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School's 'Alien Egg' Prank Has Children In Tears

10/07/2014 11:47 | Updated 20 May 2015

School's 'alien egg' prank has children in tears

Holy Trinity Primary School

A primary school headteacher has been forced to apologise after terrifying children with a giant 'alien egg'.

Pupils were left in tears after the discovery and told their parents they were too scared to go to school.

But it turned out the egg was part of a problem solving exercise.

However, mums and dads thought the alien was no laughing matter and complained to the school.

The saga at Holy Trinity Primary School in Halstead, Essex, revolved around a 3ft-high egg 'found' in undergrowth on school grounds and was part of a problem solving exercise.

Despite assurances that the 'amazing discovery' was '100 per cent safe', some of the school's 250 pupils were so frightened by the egg that headmaster Jon Smith had to issue an apology after parents reported their children were distressed, and even suffering from nightmares.

As part of the project, which took place last month, parents were sent letter reporting how the egg had been found, and that a scientist from the 'National Museum Of Strange Objects' was coming to investigate it.

Mr Smith wrote in his mock alert: "I am pleased to inform you that the inspection has confirmed that the area and object are 100 per cent safe and pose no threat whatsoever to the public.

"What still isn't clear however, is the identity of the object."

He then said that the museum's Dr Violet Strangeways had asked that all children 'remain vigilant and put all their energies into research and investigation in order to help the museum ascertain the origins of this amazing discovery'.

As part of the project, the children had to question where the egg might have come from, drawing pictures and writing essays on its provenance, with parents kept up to date on their project.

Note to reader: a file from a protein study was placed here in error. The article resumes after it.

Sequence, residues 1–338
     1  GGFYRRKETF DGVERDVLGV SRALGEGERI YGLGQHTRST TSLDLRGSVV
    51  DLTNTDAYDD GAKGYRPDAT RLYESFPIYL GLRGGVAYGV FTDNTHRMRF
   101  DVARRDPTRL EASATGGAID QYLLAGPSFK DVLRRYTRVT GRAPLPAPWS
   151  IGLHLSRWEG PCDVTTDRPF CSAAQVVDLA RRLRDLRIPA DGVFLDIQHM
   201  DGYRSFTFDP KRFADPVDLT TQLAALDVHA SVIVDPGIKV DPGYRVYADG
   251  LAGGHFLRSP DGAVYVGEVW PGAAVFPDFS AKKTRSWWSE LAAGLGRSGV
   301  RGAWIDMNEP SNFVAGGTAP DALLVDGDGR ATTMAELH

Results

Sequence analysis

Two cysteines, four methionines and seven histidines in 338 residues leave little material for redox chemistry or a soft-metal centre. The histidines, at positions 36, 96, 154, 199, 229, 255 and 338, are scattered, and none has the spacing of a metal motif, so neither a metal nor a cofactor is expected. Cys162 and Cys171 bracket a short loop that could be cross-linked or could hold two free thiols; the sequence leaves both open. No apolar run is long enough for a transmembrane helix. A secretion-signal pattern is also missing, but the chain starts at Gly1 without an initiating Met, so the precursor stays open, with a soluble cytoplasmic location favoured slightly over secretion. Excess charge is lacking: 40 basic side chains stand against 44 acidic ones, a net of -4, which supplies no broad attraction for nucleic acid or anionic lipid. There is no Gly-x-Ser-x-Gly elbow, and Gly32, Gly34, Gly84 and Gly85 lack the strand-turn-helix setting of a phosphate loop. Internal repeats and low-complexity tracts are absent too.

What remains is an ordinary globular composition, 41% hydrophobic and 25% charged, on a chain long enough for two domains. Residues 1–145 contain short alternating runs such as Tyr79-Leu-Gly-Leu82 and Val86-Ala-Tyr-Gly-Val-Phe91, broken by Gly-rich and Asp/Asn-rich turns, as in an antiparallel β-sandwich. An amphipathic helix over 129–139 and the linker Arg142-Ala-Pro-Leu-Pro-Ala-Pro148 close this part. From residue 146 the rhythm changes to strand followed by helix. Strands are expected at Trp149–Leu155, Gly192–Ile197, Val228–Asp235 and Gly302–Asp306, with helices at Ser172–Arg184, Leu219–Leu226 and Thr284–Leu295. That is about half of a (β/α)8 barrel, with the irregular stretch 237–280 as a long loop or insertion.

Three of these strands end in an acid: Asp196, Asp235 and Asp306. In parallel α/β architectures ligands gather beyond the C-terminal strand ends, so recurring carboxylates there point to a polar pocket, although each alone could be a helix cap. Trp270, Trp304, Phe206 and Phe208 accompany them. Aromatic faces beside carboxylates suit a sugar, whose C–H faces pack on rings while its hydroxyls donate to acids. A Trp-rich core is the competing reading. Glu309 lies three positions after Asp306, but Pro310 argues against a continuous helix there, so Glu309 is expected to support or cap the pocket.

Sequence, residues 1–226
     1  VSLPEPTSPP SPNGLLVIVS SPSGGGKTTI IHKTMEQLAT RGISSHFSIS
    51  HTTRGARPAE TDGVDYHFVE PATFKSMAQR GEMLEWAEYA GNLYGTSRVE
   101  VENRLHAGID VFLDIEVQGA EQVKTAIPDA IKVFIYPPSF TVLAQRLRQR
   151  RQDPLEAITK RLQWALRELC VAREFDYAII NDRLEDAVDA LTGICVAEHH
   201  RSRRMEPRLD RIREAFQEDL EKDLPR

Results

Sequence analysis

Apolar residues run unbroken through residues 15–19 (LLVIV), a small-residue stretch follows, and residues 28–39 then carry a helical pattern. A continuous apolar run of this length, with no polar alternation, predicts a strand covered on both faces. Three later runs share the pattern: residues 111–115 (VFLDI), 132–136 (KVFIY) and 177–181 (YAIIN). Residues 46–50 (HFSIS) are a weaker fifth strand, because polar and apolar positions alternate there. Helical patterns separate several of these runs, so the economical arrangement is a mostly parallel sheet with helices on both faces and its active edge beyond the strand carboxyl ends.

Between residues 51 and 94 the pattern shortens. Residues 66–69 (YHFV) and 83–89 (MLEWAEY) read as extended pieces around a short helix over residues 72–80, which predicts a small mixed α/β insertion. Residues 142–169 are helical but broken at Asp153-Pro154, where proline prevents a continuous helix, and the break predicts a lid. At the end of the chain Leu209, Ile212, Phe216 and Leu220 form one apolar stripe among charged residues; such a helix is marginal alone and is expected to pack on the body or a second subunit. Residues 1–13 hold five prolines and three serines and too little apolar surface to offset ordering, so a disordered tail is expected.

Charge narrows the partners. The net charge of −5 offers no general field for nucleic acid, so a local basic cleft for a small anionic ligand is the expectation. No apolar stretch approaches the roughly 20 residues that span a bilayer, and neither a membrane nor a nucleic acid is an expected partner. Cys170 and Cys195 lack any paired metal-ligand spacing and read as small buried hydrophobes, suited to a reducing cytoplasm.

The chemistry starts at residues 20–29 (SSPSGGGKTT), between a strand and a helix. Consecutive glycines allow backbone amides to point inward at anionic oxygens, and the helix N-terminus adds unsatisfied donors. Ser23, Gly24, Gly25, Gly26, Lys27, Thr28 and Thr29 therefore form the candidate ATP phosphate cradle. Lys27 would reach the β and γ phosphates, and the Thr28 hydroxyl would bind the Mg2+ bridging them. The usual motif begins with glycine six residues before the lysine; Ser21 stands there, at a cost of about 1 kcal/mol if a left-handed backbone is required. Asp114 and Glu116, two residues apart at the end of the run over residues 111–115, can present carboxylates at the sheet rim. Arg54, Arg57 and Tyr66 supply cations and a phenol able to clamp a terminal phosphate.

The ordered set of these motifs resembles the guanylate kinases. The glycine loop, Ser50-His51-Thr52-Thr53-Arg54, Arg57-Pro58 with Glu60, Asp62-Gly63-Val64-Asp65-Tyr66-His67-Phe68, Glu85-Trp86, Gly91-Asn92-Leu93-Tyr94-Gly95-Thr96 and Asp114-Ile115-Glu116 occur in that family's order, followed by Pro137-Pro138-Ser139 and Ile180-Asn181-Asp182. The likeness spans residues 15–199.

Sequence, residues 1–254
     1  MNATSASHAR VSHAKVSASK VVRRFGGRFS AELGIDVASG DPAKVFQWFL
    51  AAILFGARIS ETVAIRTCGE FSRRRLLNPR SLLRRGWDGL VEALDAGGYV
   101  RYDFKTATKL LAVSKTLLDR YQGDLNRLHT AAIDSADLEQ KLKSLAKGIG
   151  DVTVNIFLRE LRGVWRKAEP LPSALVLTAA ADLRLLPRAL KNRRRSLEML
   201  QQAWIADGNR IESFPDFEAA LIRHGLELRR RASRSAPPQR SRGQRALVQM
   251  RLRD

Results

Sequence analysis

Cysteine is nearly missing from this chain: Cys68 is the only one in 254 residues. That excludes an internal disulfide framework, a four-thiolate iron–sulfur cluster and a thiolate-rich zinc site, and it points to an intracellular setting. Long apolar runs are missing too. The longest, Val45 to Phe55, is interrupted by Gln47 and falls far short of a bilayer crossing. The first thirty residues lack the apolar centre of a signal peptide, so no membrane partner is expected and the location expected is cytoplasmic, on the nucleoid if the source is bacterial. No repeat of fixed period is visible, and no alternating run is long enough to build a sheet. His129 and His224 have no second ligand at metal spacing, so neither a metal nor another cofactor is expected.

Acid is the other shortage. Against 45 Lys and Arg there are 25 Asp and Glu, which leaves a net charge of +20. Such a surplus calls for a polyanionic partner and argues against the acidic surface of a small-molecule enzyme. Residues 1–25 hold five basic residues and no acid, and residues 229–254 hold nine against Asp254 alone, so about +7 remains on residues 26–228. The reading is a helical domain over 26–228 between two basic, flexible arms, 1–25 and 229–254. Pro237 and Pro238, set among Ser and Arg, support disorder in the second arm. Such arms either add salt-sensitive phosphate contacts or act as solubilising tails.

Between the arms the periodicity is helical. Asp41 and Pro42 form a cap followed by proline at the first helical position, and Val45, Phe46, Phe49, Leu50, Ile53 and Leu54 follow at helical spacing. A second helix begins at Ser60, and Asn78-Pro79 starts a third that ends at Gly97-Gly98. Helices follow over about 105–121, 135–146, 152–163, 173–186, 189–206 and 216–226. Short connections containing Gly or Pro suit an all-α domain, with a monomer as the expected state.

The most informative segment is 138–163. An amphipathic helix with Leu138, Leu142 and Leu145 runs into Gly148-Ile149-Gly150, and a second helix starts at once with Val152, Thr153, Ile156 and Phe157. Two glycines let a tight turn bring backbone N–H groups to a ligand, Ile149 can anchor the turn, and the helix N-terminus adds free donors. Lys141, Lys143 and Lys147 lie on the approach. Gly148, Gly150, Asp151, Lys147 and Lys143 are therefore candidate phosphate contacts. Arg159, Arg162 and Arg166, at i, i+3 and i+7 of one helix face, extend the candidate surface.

However, a post on the school's Facebook page and Twitter account soon began attracting comments from some parents who reported that their children had been frightened.

One parent wrote:"'@HTPSHalstead tell me I'm not the only parent whose child hasn't eaten lunch & has been in tears about the 'discovery'? Prank too far?"

Another added:"'@HTPSHalstead glad you said that my son does not want to go to school anymore and has been in tears since he come home #nothappy."

Although the majority of parents writing on the school's Facebook page said their children had been excited by the project, with the pupils speculating that the egg could be that of a dinosaur or dragon, others said that some younger children had been scared by it.

One commented: "He is scared of his own shadow and has been to sleep earlier but woke up at 9.20pm after having a nightmare!"

Others said their children had been afraid to go to bed, with one mother writing: "Holy trinity..........i hope this doesn't go on all week!!!!! I'm gona have 2 tired children!!!!!!!"

Within hours of the initial post, Mr Smith had issued another letter, apologising to parents if their children had been upset by the egg.

He said: "It has come to our attention that whilst the vast majority of the children at school were excited and engaged by this morning's 'discovery' there are some who have been worried by it.

"We assure you that this afternoon we held an extra whole school assembly where we made it absolutely clear to everyone that the egg was of no danger to anyone, that it was safe to keep in school, and that we would therefore be able to observe it further tomorrow.

"We apologise if that message did not come through sufficiently and, as planned, in the follow-up assembly in the morning we will place further emphasis on it being of absolutely no danger whatsoever.

"During the course of today the children have produced an enormous amount of high quality work, in a variety of forms, related to the egg and it was great to see them so engaged.

"Such 'discoveries' are quite common in primary schools across the country and are a very successful way of promoting problem solving, teamwork, group discussion and PSHE-related topics. This activity is part of our 'No Problem' theme this term."

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